The thing is, if the user doesn’t control the keys, then it’s a kind of shackle, and that would be true no matter what system it is. After all, why is GNU/Linux better than Windows? Not just ’cause it has a different name. The reason it’s better is because it’s freedom-respecting Free software that the users control. But if the machine has restricted boot and the users can’t control the system, then it would be just as bad as Windows. So, if the machine will only run a particular version of GNU/Linux, that is a restriction feature. And I haven’t heard anyone doing that yet with GNU/Linux, but that’s what Red Hat and Ubuntu are proposing to do things — somewhat like that — for future PCs that are shipped for Windows. But it’s not exactly that. And my reason is, the users will be able to change the keys. They will be able to boot their own modified version of the system of Fedora or Ubuntu if they want. So, what Fedora and Ubuntu were proposing doesn’t go all the way there. They’re proposing to do things to make it more convenient for users to install the standard version of those systems. But if things go as it has been announced, users will still be able to change the keys and boot their own versions. So, if all the restricted boot — but it will be something that goes sort of half-way there — it’s somewhat distasteful.

“The thing is, if the user doesn’t control the keys, then it’s a kind of shackle, and that would be true no matter what system it is.”On the other hand, with Android, which is another mostly Free operating system which contains Linux but doesn’t contain GNU, it’s quite common for the product to have something equivalent to restricted boot, and people have to struggle to figure out how they can install a modified and more free version of Android. So, the presence of the kernel Linux in a system doesn’t guarantee it’s going to be better. And I’ve heard someone say — oh, it hasn’t been checked — that a particular or kind of Android device is actually using an Intel chip with restricted boot.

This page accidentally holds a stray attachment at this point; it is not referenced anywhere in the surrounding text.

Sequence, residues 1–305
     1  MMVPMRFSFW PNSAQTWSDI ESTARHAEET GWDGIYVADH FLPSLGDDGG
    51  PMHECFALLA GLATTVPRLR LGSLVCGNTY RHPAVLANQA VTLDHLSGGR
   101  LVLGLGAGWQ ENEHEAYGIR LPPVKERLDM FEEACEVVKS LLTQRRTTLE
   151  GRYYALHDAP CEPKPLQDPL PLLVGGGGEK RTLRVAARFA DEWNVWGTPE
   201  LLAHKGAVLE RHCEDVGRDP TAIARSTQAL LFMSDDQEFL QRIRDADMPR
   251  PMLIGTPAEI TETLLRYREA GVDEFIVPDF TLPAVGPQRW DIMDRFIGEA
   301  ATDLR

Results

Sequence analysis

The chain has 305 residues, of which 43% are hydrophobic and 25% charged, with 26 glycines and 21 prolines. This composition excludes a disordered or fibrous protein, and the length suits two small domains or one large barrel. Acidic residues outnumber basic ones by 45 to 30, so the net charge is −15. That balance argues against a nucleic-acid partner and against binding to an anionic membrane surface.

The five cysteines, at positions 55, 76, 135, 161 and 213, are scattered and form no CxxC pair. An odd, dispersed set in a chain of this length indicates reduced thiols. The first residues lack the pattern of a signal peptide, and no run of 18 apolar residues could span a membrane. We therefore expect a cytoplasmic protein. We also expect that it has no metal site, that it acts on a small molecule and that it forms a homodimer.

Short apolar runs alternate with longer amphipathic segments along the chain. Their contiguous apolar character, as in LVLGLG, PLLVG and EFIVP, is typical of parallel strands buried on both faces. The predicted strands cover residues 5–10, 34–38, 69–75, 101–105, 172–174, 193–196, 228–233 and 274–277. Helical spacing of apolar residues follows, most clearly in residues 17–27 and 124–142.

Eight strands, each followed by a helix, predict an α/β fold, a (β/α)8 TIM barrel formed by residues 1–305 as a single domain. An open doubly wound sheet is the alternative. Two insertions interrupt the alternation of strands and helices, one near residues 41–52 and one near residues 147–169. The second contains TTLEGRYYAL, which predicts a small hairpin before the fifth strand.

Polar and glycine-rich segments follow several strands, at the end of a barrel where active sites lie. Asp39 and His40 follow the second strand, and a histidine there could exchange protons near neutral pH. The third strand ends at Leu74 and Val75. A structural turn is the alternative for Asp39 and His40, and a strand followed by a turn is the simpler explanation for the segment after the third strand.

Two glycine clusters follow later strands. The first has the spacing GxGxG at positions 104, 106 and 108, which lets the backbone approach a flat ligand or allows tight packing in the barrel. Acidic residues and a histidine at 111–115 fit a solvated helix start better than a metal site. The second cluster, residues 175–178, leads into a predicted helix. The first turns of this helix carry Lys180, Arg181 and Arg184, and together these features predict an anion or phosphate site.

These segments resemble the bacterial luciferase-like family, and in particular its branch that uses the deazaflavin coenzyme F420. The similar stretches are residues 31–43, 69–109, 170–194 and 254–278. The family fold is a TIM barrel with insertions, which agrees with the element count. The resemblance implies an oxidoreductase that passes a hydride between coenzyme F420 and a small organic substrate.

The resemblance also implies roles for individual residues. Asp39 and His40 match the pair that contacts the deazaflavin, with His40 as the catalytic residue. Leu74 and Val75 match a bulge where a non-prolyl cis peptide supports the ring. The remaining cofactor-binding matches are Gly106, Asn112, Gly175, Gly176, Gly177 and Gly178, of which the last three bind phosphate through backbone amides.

One of the concerns that I think is worth raising is the fact that, as far as I know, with many of the embedded devices, especially those based on ARM, I believe it’s not even possible to get into boot menu to disable so-called “secure”…

That’s where Microsoft is really going all out, because Microsoft has ordered essentially — demanded — that those shipping ARM devices for Windows 8 make it restricted boot with no way to get around it.

Yeah, which also means of course waste of… all sorts of impacts on the environment. Any time that hardware become obsolete with the operating system itself is not being used of course…

“So it’s a very damaging thing that Microsoft is doing and so we need to look for every possible way to stop them or tweak what they’re doing.”Well, it’s worse than that. It means basically that those devices, you have to throw them out if you want to escape to the free world. And this — in the past — we were able to install, to liberate a computer by installing Free software on it instead of its user-restricting operation system, and this of course was tremendously helpful to the spread of GNU/Linux because it meant that users could move to freedom. It would be much harder if they had to buy another computer to do so. So it’s a very damaging thing that Microsoft is doing and so we need to look for every possible way to stop them or tweak what they’re doing.

Well, I wanted to ask you, one of our readers — his name is Will — is asking me if you have seen any new good hardware that can take coreboot.

I’m sorry, what?

One of my readers — a guy called Will — he has asked me if you have seen any new good hardware that can take coreboot.